It has been proven beyond any doubt that the bacterial colonisation of a baby’s intestine with the right symbionts is not only important for digestion but also for the development of the child’s immune system. Studies show the many different ways that bacteria can be passed on from mother to child and give us first clues about how the immune system is positively influenced by the microbiome.
The bacterial colonisation of a child’s intestines while in the womb is still considered as a theory among scientists. Even though bacteria can be found in the womb as well as the umbilical cord and placenta – according to recent scientific studies -, scientists are currently unable to prove whether these bacteria actually colonise the child’s intestines. That is why the mother’s bacterial flora composition is so important during and after birth because that is when it is passed on to the child: During a natural birth, the baby comes into direct contact with the maternal bacterial flora in the birth canal, which then colonise the child’s intestines. In comparison, C-section children show fewer helpful bacteria in their postnatal microbiome and more harmful germs from the hospital’s surroundings are taken in.
Another maternal supplier of vital microbes is breastmilk: It contains several hundreds of different bacteria species, one of the most prominent being Bifidobacteria which support the optimal development of a child’s immune system. Additionally, the surface of the breast also serves as an external source of bacteria for the breastmilk. The following comparison shows the impact that the intake of food has on the development of the infant’s microbiome: Bifidobacteria only make up 50% of the bacteria species in the intestines of infants that were fed with traditional formula. If pre- and probiotics are added to the formula, the amount of Bifidobacteria rises up to 69%. Breastfed children profit the most, as this perfect food for infants contains large amounts of Bifidobacteria and therefore comprise 75% of the bacteria in the infant’s intestines.
A balanced intestinal microbiome during pregnancy, as wells as in the first months of life, is decisive for the optimal development of a child’s immune system.
A dysbalance can be passed on
When the mother has an imbalanced microbiome, whether it is caused by allergies and auto-immune diseases, or is damaged by stress and antibiotics, it can be passed on to the new-born and, as a result, have a negative impact on the development of the baby’s immune system. The dysbalance of the microbiome is associated with an imbalance of certain cells in the immune system, namely T-cells (Th1- and Th2-cells). Studies show that an excess of Th1-associated cytokines is directly related to diseases such as psoriasis and rheumatoid arthritis. An excess of Th2-cells enables the development of allergic diseases such as asthma or eczema. That is why it is so important for all (expecting) mothers to take care of their microbiome to support the bacterial colonisation of their baby’s as best as possible.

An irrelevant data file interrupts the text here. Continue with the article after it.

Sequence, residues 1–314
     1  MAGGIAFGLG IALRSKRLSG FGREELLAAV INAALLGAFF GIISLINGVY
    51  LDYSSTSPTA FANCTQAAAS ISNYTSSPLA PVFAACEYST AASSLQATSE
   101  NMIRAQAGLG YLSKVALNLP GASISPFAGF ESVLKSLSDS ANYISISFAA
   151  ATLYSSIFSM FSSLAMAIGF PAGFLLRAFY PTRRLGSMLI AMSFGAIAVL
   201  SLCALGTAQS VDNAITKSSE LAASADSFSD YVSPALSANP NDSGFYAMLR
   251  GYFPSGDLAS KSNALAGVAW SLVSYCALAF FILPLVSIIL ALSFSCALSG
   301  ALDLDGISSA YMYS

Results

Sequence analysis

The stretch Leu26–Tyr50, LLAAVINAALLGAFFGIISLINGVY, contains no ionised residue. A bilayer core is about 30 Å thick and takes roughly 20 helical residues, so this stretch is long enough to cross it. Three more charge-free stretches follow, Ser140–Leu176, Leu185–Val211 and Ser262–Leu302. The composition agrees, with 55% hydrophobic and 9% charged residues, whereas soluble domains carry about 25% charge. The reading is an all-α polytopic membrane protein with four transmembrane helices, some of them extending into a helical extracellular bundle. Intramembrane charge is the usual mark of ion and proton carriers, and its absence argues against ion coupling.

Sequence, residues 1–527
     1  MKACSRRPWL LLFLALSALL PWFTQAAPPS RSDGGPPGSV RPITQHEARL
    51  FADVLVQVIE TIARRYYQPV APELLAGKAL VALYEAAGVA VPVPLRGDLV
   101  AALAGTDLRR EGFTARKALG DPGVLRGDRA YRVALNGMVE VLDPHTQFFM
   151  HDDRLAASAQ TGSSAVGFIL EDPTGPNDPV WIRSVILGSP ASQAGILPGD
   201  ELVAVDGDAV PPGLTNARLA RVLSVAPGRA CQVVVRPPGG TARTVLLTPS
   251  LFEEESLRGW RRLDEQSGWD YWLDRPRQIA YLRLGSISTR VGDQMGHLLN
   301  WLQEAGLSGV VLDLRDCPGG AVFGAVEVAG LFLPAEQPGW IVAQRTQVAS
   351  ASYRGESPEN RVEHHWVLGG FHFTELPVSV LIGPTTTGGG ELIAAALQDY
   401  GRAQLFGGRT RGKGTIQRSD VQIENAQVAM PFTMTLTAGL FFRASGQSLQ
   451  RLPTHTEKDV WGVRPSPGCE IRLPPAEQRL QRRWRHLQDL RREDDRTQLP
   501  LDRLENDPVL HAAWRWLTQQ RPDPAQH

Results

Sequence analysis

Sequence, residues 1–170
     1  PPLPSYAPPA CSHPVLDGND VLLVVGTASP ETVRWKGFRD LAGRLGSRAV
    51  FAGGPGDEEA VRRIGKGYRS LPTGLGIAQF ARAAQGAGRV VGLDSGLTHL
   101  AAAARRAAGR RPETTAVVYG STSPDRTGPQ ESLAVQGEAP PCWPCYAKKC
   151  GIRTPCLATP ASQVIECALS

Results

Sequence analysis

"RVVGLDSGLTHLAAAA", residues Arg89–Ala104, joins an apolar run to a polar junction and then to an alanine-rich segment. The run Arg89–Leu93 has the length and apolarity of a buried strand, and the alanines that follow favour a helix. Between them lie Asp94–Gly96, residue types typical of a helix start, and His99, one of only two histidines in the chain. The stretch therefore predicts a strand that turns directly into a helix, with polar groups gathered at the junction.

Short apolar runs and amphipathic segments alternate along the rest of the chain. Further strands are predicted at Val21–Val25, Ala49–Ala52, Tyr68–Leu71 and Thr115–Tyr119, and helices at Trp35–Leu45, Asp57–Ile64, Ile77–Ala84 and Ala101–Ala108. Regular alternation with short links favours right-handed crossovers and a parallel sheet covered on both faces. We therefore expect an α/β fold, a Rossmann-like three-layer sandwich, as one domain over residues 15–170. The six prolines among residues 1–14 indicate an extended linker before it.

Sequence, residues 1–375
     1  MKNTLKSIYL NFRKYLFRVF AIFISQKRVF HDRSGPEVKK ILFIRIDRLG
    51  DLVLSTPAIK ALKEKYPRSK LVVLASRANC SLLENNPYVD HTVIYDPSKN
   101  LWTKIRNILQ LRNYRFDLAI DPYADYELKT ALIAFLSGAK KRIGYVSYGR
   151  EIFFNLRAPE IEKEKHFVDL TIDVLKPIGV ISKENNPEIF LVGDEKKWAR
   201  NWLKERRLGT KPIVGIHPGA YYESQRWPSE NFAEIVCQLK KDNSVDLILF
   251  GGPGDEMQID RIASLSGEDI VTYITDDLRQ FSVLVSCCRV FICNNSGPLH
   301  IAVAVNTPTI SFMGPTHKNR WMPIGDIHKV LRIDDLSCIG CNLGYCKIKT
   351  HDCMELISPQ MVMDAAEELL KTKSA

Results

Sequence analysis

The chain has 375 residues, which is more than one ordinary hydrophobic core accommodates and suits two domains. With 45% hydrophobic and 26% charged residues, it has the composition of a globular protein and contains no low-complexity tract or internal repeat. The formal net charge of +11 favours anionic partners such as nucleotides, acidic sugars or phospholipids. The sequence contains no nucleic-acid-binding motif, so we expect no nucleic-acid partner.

Probiotics shape the development of the immune system
This is where probiotics play an essential role. Their positive effects on the regulation of the microbiome and a dysfunctional immune system are beyond any doubt: During the course of a large placebo-controlled study, expecting mothers, as well as their then newly born babies, received a specially developed multispecies probiotic once a day: Within 3 months after being born, 80% of the allergy-prone children showed a balanced immune system after the intake of probiotics. Even after their second birthday, the effects were still constant in comparison to the placebo-controlled group, even though the children stopped receiving probiotics after their first birthday (Niers 2009). In accordance with recent meta-analyses (Panduru 2015), experts recommend taking specifically combined probiotics during the last 2 months of pregnancy as well as the first whole year of life.
A further study (Kim 2015) analysed the bacterial metabolites (=metabolic products) in the faeces of the then 3-month old children. It revealed that the reduction of allergic diseases is due to the colonisation of various bacteria and the resulting amount of short-chain fatty acids (butyrate, acetate). Healthy children showed significantly higher levels of anti-inflammatory short-chain fatty acids (SCFA, e.g. butyrate) than children with allergies. The results emphasise the importance of a balanced intestinal microbiome during pregnancy, as wells as in the first months of life, to boost the optimal development of the immune system and to give the child a healthy foundation for the rest of its life.